Today was a beautiful day for a lunch time run here in NH. I happened to be in a very hilly part of the state today and running hills is not my favorite thing! Today I tried a new strategy to get me up these hills. Instead of looking at the top of the hill like I usually do and thinking how high it is, how hard it is to get to the top, how long it will take me, I tried a new tactic. Today I kept my focus on about 10 feet in front of me. I wanted to just focus on making it the next 10 feet and not focus on the top of the hill. Before I knew it, I was at the top of this hill and I wasn’t winded or exhausted. I actually felt pretty good. What happened, did I suddenly get more fit! Nope, I just broke the goal down into small achievable increments.
So how does this relate to sales compensation! For starters, the top of the hill is like the annual quota. It is this really big monster that you have to tackle. By closing one sale at a time, you will eventually get there. Right? But it is so big! If the quota is set to high, the reps will give up because they don’t believe they can make it. Just like I usually give up on the really big hills and walk to the top instead of running, I believed that I couldn’t run the entire way! The reward was too far off for me to believe I could achieve it.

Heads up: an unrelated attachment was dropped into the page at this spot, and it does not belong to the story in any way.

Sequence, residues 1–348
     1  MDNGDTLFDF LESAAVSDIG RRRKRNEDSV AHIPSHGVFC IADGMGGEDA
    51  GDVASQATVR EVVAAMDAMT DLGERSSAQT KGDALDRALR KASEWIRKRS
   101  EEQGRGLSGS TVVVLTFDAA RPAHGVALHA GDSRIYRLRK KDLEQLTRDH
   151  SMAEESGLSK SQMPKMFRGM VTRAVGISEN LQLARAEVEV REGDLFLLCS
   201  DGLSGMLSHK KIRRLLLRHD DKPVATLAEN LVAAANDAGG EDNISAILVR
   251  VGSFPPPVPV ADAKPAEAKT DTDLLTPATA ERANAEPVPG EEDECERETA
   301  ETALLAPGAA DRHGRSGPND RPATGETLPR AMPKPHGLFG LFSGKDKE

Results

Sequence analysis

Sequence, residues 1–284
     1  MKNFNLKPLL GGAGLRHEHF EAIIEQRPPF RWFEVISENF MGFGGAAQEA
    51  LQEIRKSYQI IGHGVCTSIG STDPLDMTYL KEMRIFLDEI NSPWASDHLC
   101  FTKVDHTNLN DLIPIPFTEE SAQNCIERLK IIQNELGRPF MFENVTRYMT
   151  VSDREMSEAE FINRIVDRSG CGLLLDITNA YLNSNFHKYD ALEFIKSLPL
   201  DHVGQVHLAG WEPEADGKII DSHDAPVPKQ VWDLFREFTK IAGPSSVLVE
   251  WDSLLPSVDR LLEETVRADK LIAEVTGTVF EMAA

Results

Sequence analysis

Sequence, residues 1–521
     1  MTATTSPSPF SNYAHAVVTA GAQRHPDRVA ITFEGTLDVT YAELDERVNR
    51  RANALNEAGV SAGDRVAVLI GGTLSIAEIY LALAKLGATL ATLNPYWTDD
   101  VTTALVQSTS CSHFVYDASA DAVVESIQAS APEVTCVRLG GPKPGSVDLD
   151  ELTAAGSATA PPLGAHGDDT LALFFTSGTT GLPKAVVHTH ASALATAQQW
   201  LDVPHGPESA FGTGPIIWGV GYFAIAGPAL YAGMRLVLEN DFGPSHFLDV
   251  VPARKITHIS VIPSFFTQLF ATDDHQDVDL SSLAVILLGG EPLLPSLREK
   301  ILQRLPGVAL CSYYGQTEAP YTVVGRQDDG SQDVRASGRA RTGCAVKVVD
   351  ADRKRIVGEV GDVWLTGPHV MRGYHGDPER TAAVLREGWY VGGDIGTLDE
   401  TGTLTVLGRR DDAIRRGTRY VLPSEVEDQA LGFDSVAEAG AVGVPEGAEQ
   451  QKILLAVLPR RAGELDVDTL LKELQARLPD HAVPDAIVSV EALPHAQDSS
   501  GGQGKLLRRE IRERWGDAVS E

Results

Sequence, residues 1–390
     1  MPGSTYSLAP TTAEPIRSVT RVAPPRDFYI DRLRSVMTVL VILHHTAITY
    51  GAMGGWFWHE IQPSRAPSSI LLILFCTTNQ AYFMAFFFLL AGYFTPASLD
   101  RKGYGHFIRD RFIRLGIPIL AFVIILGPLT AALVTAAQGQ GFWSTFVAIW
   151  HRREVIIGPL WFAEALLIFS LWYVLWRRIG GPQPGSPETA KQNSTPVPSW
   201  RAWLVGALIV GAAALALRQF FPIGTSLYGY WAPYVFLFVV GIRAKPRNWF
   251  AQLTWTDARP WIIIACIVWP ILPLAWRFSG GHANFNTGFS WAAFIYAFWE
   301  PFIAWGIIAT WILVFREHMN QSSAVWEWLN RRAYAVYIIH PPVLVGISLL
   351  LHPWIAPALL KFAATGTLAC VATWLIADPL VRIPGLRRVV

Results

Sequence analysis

Quotas based on the dreams of management will have the same effect on the sales team, the sales reps will just give up trying. According to a survey by the Alexander Group 59% of the companies report correct goal/quota setting as the #1 challenge facing the sales compensation program. On top of that CSO Insights reports that less than 50% of the sales reps will achieve their quota. Quota is an integral part of your sales compensation plan. As you approach next year’s planning season, remember that quotas and goals that are aggressive yet realistic will be perceived as achievable by your sales team, something they can strive for. Look at each territory for the realistic opportunity within and structure the sales compensation plan with that in mind.
Also considering adding to your sales compensation plan shorter term reinforcements for achieving milestones during the year to keep your team on track to achieve their annual goals. If your sales compensation plan currently has just one component that has a rate change after the quota is achieved, your plans are structured like my hill, too far off to make a difference! Maybe a Q1 Kicker bonus or Quarterly Achievement bonuses that are part of the planned incentive amount are in order. Maybe Spiff, which is an additional amount to the planned incentive for targeting specific behavior during the year is what you need. I have seen Spiffs work effectively for new product introduction, end of life fire sales, as well as new logo acquisition. Just be careful to not have the Spiff goals compete against your quota.
Remember the best sales compensation plans translate the company’s strategic goals into measurable, actionable activities by the sales team. When structured around real opportunities within each territories and incentives structured to reward the right behavior, measured and calculated correctly, you’ll have a winning combination for next year’s revenue growth.